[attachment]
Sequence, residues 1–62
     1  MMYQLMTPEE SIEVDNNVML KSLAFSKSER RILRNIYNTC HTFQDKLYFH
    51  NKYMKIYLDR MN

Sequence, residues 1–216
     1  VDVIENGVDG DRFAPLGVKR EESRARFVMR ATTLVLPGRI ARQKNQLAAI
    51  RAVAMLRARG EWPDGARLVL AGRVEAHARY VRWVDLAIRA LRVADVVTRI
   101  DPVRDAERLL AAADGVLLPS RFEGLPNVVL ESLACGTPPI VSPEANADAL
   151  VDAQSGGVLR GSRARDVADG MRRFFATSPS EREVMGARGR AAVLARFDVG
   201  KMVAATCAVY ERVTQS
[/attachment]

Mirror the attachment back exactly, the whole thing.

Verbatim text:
Sequence, residues 1–62
     1  MMYQLMTPEE SIEVDNNVML KSLAFSKSER RILRNIYNTC HTFQDKLYFH
    51  NKYMKIYLDR MN

Sequence, residues 1–216
     1  VDVIENGVDG DRFAPLGVKR EESRARFVMR ATTLVLPGRI ARQKNQLAAI
    51  RAVAMLRARG EWPDGARLVL AGRVEAHARY VRWVDLAIRA LRVADVVTRI
   101  DPVRDAERLL AAADGVLLPS RFEGLPNVVL ESLACGTPPI VSPEANADAL
   151  VDAQSGGVLR GSRARDVADG MRRFFATSPS EREVMGARGR AAVLARFDVG
   201  KMVAATCAVY ERVTQS